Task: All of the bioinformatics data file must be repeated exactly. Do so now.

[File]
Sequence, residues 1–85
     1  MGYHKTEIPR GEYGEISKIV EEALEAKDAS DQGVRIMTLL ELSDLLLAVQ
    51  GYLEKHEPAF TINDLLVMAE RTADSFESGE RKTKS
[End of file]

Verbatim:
Sequence, residues 1–85
     1  MGYHKTEIPR GEYGEISKIV EEALEAKDAS DQGVRIMTLL ELSDLLLAVQ
    51  GYLEKHEPAF TINDLLVMAE RTADSFESGE RKTKS